How Many Words Should a Serial Be?

By Sean Platt

Today’s question is probably the most frequently asked question we get. It’s died of a little bit recently but I can’t count the numbers of times we’ve been asked this. It’s how many words should a serial be?

(If you prefer audio, you can listen to this episode on the Smarter Artist Podcast)

Sterling and Stone kind of started with serial fiction when Dave and I published Yesterday’s Gone that very first season in fall of 2011, we were really doing things differently.

We were actually stealing language from TV, with episodes and seasons, and packaging things with six episodes into a season, which could then be bundled and sold. We were selling individually and separately, and we were just kind of making it up.

But ever since then people seem to think that there is a formula to this, and that the main part of that formula that everybody seems to want to know is how many words should be in that serial.

Person at a computer with many tasks.It’s really important to keep in mind that there are no rules.

When we started out, we were literally making it up.

Even that very first episode, Dave took three characters and I took three characters and we each wrote our parts of it and then we put it together.

We were aiming for around 100 pages, which we figured would be about 25,000 words, and we would try and write about half of that each. Really that was just for that story, and we needed something to hang our hook on.

We knew we wanted the episodes to probably be $.99 individually. That seemed about fair for that word count but again, we were totally making it up.

Since then we’ve done a lot of stuff.

We’ve done six seasons of Yesterday’s Gone.

We recorded The Beam, Robot Proletariat, WhiteSpace, Space Shuttle, Unicorn Western, Cursed.

All of those have kind of a serialized feel to it, but they’re totally different.

Even with Collective Inkwell, we have ForNevermore, which is 15,000 words. WhiteSpace episodes are about 18,000 words. Yesterday’s Gone has gone from about 25,000 works an episode to just under 20,000. The Beam is 25,000-30,000 words an episode. Robot Proletariat are 12,000-15,000 words. Space Shuttle are 7,5000.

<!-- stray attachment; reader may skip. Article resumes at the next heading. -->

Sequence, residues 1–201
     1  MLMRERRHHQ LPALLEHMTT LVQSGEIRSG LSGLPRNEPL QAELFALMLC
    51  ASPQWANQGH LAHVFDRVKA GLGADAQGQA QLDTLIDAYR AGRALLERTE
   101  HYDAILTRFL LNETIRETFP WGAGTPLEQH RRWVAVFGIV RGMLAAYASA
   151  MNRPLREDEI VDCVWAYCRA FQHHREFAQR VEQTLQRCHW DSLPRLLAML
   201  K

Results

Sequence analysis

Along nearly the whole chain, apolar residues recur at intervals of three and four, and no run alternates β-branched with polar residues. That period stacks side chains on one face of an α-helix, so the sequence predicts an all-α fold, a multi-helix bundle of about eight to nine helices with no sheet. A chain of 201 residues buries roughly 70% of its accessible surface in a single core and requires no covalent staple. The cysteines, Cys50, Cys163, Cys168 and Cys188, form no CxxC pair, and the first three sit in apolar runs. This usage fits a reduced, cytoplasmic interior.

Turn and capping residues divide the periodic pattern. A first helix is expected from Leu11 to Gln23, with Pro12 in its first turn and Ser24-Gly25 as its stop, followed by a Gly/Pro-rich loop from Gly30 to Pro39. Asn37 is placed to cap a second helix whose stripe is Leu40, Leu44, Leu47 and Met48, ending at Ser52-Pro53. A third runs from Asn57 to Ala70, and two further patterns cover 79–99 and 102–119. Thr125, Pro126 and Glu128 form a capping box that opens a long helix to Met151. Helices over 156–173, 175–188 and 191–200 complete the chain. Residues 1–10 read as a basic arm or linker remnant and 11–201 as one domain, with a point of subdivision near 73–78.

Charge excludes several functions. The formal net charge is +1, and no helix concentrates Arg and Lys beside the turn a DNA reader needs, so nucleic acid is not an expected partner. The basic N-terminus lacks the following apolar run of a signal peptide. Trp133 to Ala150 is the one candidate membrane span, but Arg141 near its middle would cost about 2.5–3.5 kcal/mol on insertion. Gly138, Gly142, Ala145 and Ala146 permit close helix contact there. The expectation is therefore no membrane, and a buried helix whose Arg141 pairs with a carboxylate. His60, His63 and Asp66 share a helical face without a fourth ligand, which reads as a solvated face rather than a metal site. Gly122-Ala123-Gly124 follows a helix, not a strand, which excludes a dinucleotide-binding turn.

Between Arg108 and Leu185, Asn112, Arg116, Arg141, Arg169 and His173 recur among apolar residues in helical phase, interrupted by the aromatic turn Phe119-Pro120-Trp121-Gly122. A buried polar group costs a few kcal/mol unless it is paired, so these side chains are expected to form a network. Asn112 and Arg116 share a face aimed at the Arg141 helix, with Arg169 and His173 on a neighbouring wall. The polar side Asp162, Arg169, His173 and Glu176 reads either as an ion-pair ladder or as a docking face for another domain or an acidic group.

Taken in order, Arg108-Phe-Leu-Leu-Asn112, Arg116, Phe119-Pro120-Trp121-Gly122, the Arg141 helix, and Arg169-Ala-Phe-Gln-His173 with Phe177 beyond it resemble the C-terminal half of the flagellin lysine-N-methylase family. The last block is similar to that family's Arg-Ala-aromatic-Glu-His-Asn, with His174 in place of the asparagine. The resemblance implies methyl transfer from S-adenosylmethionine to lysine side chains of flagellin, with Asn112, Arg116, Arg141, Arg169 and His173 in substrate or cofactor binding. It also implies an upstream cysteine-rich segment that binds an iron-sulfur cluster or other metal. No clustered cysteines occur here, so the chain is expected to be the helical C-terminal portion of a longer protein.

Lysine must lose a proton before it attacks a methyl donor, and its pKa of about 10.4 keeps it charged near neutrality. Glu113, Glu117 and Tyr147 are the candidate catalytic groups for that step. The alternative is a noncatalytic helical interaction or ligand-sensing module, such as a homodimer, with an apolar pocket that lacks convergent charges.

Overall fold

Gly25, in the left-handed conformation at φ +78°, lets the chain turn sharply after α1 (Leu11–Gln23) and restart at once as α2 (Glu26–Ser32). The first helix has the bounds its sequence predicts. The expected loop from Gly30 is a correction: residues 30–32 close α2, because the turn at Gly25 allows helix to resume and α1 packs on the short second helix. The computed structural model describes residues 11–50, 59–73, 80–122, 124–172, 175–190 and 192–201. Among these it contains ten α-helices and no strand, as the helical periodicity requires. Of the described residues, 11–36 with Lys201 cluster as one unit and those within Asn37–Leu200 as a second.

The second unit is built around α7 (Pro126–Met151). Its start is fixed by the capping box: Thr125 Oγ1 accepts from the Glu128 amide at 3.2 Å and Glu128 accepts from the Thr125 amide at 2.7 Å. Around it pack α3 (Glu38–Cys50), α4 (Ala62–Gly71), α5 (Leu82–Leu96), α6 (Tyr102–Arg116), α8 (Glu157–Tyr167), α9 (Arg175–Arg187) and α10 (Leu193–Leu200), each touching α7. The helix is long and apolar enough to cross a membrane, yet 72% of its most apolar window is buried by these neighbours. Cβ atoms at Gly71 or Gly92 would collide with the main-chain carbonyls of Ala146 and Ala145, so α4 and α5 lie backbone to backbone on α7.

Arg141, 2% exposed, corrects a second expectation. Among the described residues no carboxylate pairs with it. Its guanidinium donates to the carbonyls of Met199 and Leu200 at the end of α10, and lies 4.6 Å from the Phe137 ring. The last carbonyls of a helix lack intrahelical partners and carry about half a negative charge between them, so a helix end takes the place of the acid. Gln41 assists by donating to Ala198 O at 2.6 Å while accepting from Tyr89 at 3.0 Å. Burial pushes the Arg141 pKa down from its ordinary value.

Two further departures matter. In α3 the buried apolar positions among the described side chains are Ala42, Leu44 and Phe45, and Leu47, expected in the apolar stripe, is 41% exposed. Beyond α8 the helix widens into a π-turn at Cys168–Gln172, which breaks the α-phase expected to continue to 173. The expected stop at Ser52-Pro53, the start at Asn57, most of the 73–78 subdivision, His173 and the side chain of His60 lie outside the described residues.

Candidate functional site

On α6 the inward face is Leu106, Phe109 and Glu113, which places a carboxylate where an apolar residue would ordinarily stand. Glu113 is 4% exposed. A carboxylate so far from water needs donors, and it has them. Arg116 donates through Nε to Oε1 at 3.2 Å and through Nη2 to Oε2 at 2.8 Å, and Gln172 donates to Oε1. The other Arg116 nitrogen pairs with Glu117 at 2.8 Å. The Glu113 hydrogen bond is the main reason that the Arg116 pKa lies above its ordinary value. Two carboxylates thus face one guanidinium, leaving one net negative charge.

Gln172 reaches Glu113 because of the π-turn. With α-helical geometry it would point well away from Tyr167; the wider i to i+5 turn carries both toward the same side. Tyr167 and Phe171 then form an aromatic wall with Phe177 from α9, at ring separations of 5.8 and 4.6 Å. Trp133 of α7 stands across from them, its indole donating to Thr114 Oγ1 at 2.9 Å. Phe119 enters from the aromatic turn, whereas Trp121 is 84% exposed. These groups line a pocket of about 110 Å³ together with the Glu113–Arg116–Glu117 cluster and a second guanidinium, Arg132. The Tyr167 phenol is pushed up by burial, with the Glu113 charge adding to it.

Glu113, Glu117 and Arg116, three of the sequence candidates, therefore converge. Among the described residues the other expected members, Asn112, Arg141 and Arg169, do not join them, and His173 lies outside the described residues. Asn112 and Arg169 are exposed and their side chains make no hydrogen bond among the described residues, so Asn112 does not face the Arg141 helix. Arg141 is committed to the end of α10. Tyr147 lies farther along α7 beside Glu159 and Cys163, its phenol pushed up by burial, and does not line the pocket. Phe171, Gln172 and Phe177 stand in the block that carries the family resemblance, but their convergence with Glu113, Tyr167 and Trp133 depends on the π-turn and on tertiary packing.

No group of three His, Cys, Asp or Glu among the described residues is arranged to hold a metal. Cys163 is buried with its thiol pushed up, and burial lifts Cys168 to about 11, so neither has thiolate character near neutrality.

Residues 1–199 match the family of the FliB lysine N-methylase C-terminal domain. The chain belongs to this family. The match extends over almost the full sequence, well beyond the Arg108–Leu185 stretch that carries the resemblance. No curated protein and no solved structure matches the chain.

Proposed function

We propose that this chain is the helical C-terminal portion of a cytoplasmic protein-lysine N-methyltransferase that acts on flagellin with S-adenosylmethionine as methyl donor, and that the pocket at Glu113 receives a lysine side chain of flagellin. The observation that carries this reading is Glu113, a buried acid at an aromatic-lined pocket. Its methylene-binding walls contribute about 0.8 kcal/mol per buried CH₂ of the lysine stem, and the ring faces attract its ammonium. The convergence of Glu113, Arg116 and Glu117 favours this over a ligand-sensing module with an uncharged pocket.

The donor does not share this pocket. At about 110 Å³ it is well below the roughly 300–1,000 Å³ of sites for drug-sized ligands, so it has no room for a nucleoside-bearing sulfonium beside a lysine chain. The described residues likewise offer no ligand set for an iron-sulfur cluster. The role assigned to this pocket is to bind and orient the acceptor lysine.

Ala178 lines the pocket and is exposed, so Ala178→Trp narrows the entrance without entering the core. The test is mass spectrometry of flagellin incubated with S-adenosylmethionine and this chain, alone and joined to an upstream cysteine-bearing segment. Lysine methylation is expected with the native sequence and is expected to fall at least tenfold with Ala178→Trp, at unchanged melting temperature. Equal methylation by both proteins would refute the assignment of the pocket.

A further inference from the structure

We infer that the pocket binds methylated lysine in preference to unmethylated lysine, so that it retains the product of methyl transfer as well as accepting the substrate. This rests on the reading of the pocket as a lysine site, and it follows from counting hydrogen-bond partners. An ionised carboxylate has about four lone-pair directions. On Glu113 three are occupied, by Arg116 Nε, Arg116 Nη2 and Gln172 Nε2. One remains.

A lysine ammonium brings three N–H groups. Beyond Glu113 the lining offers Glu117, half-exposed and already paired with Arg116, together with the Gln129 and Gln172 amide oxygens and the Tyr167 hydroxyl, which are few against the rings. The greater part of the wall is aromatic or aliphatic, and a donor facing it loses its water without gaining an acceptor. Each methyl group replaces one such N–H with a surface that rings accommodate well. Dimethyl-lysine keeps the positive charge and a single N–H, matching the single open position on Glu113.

You can see there really is no one answer. Even within our own company we do things differently all over the place.

The real question is what kind of story do you want to tell, and then tell that story.

The Beam was designed as 15,000 words per episode but we realized that we needed twice as much space to tell the kind of story that we wanted to tell, so by Episode 2 or 3 we realized that we would need 25,000-30,000 words.

I don’t think you can know until you understand your characters, you understand your story, you kind of know what direction you have, you know where you want to take everything.

Once you have that in place, then you can figure out your word count.

But I think just writing a story to a word count is not the best way to go.

There is a wrong way to do a serial and that’s cutting up a story that doesn’t belong as a serial.

Paper in a typewriterWhen we started with Yesterday’s Gone, we were really trying to kind of ape the tone of television with that episode.

You know what a serialized episode of TV feels like. Think of Breaking Bad, for example. It’s got this really explosive opening, a lot of character development for the episode, and then a really great cliffhanger that makes you immediately want to watch the next episode.

That’s the right way to do a serial.

Writing a book and then breaking it up into five or six pieces so that you can sell them off individually, is not a serial.

A serial is written to be a serial and should have that serialized feel.

If you’re just breaking apart a novel, you’re cheating your reader and it’s not going to go over well. You shouldn’t do it.

I think that the serial is an art form. It’s not one book broken into pieces, and I believe strongly that if we had done that, Yesterday’s Gone would have failed.

That’s the dividing line.

Look at network versus Netflix. In a network show you’ve got 42 minutes, because you have to leave room for commercials. So, there’s a lot of structure to them.

But if you look at cable shows or even Netflix now, that’s kind of evolved and changed a lot. It’s improved the storytelling because they’re not saying each episode has to be exactly 42 minutes.

They’re saying we need to tell the story.

You’ll watch episodes of let’s say Orange is the New Black is something that I’ve been recently watching on Netflix. Those shows could be 45 minutes or 52 minutes or 59 minutes, or even last night’s episode was an hour and a half. That’s because they’re taking as long as they need to tell an episode of that story.

That’s the biggest take away. Tell your story and tell it in your way and make it as good as it can possibly be. Click To Tweet

Nobody has your voice and don’t look for a formula other than telling a good story.


Sean Platt is the founder of Sterling & Stone and loves that he not only gets paid to make up stories and come up with crazy ideas, but that he gets to do so with his best friends. Together, they've also co-authored the bestselling non-fiction titles Write. Publish. Repeat., Fiction Unboxed, and Iterate & Optimize to help Smarter Artists get smarter, faster.

Sean lives in Austin, Texas with his wife Cindy and their two children, Ethan and Haley.

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